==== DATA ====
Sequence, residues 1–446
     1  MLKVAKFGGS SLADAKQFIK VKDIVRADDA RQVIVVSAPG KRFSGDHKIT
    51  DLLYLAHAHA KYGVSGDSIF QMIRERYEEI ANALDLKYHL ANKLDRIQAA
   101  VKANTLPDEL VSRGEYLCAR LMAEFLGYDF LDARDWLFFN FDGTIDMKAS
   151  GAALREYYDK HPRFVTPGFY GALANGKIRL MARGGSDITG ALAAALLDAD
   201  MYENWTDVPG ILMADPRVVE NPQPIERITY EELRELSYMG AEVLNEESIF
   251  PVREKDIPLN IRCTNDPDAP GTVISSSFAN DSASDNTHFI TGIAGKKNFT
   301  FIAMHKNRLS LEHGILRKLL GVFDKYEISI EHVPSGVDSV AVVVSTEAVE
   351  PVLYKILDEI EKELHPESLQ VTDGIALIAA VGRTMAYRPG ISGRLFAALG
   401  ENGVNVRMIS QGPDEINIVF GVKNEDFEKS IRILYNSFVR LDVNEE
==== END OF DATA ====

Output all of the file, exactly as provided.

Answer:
Sequence, residues 1–446
     1  MLKVAKFGGS SLADAKQFIK VKDIVRADDA RQVIVVSAPG KRFSGDHKIT
    51  DLLYLAHAHA KYGVSGDSIF QMIRERYEEI ANALDLKYHL ANKLDRIQAA
   101  VKANTLPDEL VSRGEYLCAR LMAEFLGYDF LDARDWLFFN FDGTIDMKAS
   151  GAALREYYDK HPRFVTPGFY GALANGKIRL MARGGSDITG ALAAALLDAD
   201  MYENWTDVPG ILMADPRVVE NPQPIERITY EELRELSYMG AEVLNEESIF
   251  PVREKDIPLN IRCTNDPDAP GTVISSSFAN DSASDNTHFI TGIAGKKNFT
   301  FIAMHKNRLS LEHGILRKLL GVFDKYEISI EHVPSGVDSV AVVVSTEAVE
   351  PVLYKILDEI EKELHPESLQ VTDGIALIAA VGRTMAYRPG ISGRLFAALG
   401  ENGVNVRMIS QGPDEINIVF GVKNEDFEKS IRILYNSFVR LDVNEE